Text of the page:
bun

2
[buhn]
|

Idioms

have a bun on, Slang. to be intoxicated: Everyone at the party seemed to have a bun on.

Nearby words

  1. bumptious,
  2. bumptiously,
  3. bumpy,
  4. bumsters,
  5. bumsucking,
  6. bun foot,
  7. buna,
  8. bunch,
  9. bunch grass,
  10. bunch light

Origin of bun

2
First recorded in 1900–05; of uncertain origin

Dictionary.com Unabridged Based on the Random House Unabridged Dictionary, © Random House, Inc. 2019


British Dictionary definitions for have a bun on

bun

noun

a small roll, similar to bread but usually containing sweetening, currants, spices, etc
any of various types of small round sweet cakes
a hairstyle in which long hair is gathered into a bun shape at the back of the head
have a bun in the oven slang to be pregnant

Word Origin for bun

C14: of unknown origin

Collins English Dictionary - Complete & Unabridged 2012 Digital Edition © William Collins Sons & Co. Ltd. 1979, 1986 © HarperCollins Publishers 1998, 2000, 2003, 2005, 2006, 2007, 2009, 2012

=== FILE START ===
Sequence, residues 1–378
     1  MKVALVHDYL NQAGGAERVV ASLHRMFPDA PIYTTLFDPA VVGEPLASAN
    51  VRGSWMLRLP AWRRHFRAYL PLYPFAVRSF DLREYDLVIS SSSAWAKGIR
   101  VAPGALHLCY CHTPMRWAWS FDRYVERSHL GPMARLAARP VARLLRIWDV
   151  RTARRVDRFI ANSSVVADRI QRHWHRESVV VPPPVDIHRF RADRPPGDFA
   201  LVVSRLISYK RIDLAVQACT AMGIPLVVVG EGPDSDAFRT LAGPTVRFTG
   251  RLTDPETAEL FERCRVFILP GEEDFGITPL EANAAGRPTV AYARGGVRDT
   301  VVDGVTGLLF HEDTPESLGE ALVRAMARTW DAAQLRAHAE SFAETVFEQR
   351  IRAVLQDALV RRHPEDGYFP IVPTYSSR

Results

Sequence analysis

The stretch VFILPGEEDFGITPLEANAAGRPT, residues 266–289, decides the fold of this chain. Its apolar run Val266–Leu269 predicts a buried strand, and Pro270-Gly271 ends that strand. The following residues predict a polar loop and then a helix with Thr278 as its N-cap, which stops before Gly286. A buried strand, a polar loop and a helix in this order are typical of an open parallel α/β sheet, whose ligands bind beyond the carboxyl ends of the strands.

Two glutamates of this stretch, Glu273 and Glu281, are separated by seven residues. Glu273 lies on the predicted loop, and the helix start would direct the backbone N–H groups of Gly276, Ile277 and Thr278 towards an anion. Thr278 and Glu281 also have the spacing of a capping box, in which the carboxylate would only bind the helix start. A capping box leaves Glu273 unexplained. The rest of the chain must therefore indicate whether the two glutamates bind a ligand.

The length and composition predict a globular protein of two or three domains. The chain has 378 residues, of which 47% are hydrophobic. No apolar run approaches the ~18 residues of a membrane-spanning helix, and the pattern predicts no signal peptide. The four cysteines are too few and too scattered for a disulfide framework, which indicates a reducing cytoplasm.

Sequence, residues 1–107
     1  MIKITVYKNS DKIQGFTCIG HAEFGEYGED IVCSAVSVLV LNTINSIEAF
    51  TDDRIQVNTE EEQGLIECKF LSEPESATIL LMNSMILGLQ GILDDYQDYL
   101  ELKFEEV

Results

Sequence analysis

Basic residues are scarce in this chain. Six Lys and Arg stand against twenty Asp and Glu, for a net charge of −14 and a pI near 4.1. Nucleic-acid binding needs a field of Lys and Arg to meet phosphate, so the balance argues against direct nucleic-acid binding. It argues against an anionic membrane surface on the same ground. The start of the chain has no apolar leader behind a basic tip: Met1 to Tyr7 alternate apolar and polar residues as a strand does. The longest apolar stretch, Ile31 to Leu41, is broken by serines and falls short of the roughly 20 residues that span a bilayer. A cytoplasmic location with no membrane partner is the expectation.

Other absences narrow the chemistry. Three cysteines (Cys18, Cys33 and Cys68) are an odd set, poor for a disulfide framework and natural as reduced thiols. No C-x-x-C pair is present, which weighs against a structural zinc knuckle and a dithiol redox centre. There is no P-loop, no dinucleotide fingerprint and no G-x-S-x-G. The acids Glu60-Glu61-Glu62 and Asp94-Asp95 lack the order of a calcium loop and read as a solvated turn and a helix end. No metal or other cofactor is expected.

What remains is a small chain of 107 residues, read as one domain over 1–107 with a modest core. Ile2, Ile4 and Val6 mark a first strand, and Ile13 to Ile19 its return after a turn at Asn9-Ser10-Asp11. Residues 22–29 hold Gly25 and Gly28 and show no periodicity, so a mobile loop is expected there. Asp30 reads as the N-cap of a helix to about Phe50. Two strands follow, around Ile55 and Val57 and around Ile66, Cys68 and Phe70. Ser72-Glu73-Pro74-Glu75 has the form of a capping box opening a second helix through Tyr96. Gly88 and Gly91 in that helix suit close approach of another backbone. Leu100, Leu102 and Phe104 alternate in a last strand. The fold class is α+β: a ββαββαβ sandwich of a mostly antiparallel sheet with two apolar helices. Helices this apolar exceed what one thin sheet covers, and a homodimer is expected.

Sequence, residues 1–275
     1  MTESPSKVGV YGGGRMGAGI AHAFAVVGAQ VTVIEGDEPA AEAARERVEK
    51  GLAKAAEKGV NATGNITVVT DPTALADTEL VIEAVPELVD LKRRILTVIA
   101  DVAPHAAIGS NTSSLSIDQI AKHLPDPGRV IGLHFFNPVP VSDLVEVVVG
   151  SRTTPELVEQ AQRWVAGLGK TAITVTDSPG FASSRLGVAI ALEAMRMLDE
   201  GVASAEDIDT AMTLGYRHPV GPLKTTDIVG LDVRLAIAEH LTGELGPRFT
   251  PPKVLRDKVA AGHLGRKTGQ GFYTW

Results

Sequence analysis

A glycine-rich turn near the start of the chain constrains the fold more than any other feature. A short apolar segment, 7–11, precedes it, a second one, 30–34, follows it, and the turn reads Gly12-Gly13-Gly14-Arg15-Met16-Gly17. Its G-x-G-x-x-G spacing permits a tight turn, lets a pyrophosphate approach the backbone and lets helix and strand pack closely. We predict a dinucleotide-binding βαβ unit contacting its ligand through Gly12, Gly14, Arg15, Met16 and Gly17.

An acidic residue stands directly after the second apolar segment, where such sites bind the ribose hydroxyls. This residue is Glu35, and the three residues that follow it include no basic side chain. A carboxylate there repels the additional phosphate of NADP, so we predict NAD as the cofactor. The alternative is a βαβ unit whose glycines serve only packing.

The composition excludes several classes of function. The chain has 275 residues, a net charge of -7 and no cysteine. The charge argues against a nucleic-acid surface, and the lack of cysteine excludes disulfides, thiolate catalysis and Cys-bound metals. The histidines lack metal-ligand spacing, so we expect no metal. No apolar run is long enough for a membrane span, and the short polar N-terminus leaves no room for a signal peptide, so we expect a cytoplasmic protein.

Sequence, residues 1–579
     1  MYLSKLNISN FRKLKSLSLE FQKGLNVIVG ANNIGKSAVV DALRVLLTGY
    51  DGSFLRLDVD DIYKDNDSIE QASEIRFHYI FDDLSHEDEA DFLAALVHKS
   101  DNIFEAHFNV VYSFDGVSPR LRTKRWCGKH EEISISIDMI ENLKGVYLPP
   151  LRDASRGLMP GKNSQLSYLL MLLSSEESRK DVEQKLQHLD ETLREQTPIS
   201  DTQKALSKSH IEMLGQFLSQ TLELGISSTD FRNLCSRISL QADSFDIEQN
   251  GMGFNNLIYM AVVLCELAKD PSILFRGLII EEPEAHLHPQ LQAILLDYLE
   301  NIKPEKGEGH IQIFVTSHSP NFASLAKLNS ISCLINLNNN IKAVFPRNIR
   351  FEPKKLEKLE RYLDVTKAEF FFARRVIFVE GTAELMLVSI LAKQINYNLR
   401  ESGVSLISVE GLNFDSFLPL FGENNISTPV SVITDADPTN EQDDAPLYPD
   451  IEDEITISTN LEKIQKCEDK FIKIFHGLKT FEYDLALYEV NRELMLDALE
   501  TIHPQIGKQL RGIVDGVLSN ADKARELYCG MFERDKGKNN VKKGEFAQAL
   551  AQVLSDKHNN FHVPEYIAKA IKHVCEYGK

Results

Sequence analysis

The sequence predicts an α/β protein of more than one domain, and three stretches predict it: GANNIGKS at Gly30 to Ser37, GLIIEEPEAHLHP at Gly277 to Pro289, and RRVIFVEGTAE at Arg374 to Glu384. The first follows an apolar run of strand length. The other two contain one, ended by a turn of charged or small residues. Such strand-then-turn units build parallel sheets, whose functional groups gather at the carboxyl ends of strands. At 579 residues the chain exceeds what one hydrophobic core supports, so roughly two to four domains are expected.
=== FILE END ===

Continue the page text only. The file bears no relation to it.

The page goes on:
Word Origin and History for have a bun on

bun

n.

late 14c., origin obscure, perhaps from Old French buignete "a fritter," originally "boil, swelling," diminutive of buigne "swelling from a blow, bump on the head," from a Germanic source (cf. Middle High German bunge "clod, lump"), or from Gaulish *bunia (cf. Gaelic bonnach). Spanish buñelo "a fritter" apparently is from the same source. Of hair coiled at the back of the head, first attested 1894. To have a bun in the oven "be pregnant" is from 1951.

The first record of buns in the sense of "male buttocks" is from 1960s, perhaps from a perceived similarity; but bun also meant "tail of a hare" (1530s) in Scottish and northern England dialect and was transferred to human beings (and conveniently rhymed with nun in ribald ballads). This may be an entirely different word; OED points to Gaelic bun "stump, root."

Online Etymology Dictionary, © 2010 Douglas Harper

Medicine definitions for have a bun on

BUN

abbr.

blood urea nitrogen

The American Heritage® Stedman's Medical Dictionary Copyright © 2002, 2001, 1995 by Houghton Mifflin Company. Published by Houghton Mifflin Company.